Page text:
Even scholars who apply the «water» image to literal baptism recognize that the emphasis of the passage is on the Spirit, for it is the Spirit which is repeated in the context (3:6, 8),4905 and it is the Spirit that emphasizes the parallel with «born from God.» But what is the relation between «water» (particularly as we have understood it, referring to prosleyte baptism) and the Spirit mentioned immediately after it?
Jesus uses the image of proselyte baptism for conversion, but the informed reader will remember that the real baptism Jesus had come to bring was not a baptism in mere water but in the Holy Spirit (1:33).4906 The one passage in which the Fourth Gospel explicitly interprets its water motif for the reader is 7:37–39, where water represents the Spirit.4907 Water represented various items in early Judaism; in the rabbis it especially pointed to Torah.4908 But John's own explicit statements are the clearest clue to his meaning, so we should take our cue from him and interpret the other passages accordingly. It is not unusual for this Gospel to prefer ambiguous language which must be explained (e.g., 14:4–5). Just as Jesus' parables in the Synoptic tradition required private explanation, Jesus' heavenly teaching in John (3:11–13) remains obscure except to disciples who persevere (8:31–32), to those who receive the insight of the Spirit (3:8; 14:17, 26).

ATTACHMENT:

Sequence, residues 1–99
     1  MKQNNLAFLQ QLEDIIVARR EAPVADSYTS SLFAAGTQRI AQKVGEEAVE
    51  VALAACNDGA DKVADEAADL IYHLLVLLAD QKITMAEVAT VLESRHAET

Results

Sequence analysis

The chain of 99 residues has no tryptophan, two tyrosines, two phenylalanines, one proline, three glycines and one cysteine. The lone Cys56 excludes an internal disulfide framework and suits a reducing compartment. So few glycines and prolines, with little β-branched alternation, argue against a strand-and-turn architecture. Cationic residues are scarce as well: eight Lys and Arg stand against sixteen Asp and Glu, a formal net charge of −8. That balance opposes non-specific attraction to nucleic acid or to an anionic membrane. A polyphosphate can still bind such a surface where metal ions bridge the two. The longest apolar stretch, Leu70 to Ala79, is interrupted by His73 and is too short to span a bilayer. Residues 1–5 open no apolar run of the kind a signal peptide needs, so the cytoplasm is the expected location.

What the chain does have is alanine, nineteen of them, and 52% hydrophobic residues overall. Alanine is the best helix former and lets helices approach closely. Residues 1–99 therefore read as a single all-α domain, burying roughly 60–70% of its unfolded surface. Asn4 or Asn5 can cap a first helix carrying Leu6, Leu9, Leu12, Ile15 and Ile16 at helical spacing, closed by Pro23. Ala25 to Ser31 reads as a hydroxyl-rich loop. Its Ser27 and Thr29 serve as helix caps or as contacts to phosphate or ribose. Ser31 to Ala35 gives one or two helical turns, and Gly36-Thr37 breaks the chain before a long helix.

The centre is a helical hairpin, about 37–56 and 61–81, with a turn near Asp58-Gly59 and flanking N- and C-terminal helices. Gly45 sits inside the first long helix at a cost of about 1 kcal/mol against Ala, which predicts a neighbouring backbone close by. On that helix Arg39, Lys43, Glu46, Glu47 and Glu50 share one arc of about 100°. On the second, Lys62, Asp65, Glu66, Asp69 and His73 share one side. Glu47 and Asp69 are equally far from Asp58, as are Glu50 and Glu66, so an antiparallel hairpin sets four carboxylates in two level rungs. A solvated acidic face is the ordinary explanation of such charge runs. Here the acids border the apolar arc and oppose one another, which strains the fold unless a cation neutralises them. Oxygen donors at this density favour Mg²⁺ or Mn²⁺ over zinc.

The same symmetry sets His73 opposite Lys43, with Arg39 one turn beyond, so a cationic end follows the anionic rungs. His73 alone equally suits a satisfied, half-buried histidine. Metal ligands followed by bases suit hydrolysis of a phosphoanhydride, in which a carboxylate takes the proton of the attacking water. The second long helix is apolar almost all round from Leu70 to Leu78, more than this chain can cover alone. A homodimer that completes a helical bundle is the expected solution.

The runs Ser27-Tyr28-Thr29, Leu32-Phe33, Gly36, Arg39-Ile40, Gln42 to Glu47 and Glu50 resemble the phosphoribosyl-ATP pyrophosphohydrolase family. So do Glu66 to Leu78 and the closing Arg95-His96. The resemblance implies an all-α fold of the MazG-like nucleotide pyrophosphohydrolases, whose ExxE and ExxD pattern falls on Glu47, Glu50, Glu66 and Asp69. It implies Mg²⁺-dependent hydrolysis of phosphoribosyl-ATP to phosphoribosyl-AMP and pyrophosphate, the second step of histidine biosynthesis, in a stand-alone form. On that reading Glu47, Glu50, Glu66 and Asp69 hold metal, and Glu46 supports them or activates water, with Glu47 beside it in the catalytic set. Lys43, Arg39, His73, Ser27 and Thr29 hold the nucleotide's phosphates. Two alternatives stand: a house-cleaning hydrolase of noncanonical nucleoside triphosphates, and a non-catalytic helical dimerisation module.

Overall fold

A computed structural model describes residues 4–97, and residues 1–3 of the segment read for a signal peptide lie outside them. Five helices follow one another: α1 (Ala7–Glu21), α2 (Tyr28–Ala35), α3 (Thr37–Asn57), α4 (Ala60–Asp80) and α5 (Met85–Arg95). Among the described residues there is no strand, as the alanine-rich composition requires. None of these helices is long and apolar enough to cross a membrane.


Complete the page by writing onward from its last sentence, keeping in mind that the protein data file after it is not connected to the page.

Although the grammatical argument by itself is not decisive in 3:5,4909 John's explicit explanation of «water» as the Spirit in 7invites us to read the more ambiguous 3as a hendiadys:4910 «since both nouns are anarthrous and are governed by a single preposition,»4911 the και likely functions here epexegetically, hence «water, i.e., the Spirit.»4912 The text probably «reflects the typical Johannine idiom of 'pairs in tension.'»4913 Thus Origen suggested that «water» differed from the «Spirit» here only in «notion» and not in «substance»; Calvin also identified the two.4914 At the least the grammar suggests a close connection between «water» and «Spirit» here, «a conceptual unity» of some sort;4915 but the full and explicit identification of water and the Spirit in 7probably suggests a full identification here as wel1. (This would answer the objection that the otherwise likely identification of «water» and «Spirit» here appears tautologous.)4916